Kingston first Ontario municipality to declare climate emergency
Kingston city council made history Tuesday evening when it passed a motion to declare a climate emergency within city limits.
The motion was brought by first-term councillor and long-time Kingston Green Party candidate Robert Kiley, and seconded by Coun. Jim Neil.
“Now we need to deepen that commitment and have more aggressive and more measurable targets across the whole community,” says Councillor Kiley.
And although Kingston has already set a goal to reduce greenhouse gas emissions by 30 per cent by the year 2030, Kiley says there’s an urgency for the city to come up with new ways to reduce greenhouse gas emissions and set new climate change targets.
“We can have more people riding transit. Electrifying our transit,” says Kiley. “Making sure that we plant more trees and having an urban park with native species planted.”
According to the Kingston Climate Hub, Kingston is on track to hit a 15 per cent reduction in carbon emissions by 2020, a reduction largely thanks to the province’s move away from coal. Nevertheless, the city is not on track to meet its goal of a 30 per cent reduction by 2030.
Both Halifax, N.S., and Vancouver, B.C., have recently declared climate emergencies, as have several municipalities in Quebec, according to Kiley, but Kingston is the first to do so in Ontario.
The motion passed unanimously at Tuesday evening’s city council meeting, a vote Kiley called a “true community moment.”
According to the motion itself, declaring a climate emergency will help the city name, frame and deepen Kingston’s commitment “to protecting our economy, our eco-system, and our community from climate change.”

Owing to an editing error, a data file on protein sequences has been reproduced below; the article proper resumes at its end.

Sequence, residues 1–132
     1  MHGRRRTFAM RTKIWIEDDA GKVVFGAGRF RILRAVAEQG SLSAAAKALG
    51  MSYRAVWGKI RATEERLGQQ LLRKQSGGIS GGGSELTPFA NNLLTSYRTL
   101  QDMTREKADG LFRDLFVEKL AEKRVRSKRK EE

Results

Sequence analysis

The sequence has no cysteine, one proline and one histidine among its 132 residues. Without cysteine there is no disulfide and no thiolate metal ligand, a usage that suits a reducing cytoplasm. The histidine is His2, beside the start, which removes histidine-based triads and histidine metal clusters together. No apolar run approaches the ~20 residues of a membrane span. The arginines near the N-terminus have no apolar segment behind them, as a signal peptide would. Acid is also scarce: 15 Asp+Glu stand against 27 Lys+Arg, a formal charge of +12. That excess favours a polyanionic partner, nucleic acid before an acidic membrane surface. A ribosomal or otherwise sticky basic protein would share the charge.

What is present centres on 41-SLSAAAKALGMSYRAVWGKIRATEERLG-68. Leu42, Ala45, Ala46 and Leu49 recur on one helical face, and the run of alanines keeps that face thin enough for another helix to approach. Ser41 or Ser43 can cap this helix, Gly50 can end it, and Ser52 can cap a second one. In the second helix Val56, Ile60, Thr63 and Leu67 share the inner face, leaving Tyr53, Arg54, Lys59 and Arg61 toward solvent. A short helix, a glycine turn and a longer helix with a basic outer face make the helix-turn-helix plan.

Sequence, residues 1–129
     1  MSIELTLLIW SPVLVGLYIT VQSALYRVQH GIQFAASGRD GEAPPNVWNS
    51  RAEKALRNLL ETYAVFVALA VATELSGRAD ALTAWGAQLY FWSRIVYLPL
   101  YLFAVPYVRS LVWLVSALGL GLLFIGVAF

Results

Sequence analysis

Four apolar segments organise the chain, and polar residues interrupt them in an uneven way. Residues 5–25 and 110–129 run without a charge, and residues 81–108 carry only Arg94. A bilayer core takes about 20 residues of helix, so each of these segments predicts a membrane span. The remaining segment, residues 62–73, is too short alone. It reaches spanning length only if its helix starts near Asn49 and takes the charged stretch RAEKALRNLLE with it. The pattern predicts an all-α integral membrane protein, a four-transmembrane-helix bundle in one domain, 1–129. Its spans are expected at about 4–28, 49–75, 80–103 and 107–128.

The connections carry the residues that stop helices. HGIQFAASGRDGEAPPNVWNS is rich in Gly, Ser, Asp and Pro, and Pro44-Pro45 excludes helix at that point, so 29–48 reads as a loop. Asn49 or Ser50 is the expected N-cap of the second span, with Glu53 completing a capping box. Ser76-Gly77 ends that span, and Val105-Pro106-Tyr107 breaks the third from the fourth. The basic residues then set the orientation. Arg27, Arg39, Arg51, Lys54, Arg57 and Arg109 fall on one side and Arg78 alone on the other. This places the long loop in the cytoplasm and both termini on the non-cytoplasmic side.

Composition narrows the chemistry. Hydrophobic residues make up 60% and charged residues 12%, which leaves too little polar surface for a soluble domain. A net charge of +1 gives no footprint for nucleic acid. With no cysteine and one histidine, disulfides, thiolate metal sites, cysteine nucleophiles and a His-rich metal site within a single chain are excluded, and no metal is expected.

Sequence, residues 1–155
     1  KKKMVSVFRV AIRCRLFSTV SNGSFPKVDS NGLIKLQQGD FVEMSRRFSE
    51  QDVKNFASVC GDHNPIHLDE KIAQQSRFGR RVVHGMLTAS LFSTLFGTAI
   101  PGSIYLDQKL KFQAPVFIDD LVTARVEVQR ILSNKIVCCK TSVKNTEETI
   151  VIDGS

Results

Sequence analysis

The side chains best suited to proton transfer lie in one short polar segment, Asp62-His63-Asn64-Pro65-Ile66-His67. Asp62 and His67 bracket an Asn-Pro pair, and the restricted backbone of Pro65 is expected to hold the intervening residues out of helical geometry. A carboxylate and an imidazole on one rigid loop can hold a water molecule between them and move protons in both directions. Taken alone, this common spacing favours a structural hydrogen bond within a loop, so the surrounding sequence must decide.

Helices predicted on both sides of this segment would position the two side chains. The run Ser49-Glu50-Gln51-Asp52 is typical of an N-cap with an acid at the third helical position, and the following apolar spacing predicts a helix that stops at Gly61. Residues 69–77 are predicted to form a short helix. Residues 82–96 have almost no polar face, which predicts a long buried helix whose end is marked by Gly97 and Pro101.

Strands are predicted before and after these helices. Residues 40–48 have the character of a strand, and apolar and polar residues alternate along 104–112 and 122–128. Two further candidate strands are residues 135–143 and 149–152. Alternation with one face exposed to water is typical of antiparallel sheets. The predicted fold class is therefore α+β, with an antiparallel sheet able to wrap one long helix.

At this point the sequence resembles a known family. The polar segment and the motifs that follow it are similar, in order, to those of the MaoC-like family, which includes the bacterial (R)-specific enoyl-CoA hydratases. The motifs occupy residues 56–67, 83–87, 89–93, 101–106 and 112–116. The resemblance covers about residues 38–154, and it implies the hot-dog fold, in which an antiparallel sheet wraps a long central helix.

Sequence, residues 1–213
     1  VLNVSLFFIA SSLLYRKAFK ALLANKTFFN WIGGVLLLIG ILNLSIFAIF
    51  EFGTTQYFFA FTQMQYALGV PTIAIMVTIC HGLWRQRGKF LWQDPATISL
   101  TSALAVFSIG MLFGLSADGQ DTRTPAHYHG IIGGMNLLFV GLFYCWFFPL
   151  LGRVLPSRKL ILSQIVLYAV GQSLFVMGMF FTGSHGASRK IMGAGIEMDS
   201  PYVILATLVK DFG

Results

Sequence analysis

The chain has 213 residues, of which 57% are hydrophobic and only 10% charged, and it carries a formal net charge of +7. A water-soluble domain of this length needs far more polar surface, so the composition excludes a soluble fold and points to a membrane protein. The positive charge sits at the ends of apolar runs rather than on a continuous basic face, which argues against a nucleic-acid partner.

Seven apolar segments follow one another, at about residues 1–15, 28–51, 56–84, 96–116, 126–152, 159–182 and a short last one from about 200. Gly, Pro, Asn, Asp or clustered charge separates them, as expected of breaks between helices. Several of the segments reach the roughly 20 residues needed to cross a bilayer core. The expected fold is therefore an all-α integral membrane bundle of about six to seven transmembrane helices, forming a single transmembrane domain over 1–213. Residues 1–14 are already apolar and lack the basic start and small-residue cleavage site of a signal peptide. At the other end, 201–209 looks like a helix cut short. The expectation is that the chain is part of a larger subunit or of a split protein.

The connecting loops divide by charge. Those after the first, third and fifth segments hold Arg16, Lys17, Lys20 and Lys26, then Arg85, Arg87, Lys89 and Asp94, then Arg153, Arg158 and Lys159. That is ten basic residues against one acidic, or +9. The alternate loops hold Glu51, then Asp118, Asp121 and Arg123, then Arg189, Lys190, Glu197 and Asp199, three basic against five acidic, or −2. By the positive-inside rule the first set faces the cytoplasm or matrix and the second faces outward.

Although the motion is a symbolic gesture, Kiley says council is prepared to act.
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“That was the first step,” Kiley said. “We’re preaching now, but now we have to practise.”
Kiley says council is currently discussing practical ways to dramatically reduce the city’s greenhouse gas emissions, ways that will be ironed out during strategic planning sessions slated for the end of March.
When asked if he believes each councillor was prepared to make changes that would bring about necessary reductions, Kiley says he had faith.
“Climate change affects the entire community, whether you’re on the right or the left side of the spectrum.”
Kiley also said that despite not being able to significantly impact global reductions, climate change action has to happen on the granular level in order to happen at all.
He ended by quoting Margaret Meade: “Never doubt that a small group of thoughtful, committed citizens can change the world. Indeed, it’s the only thing that ever has.”
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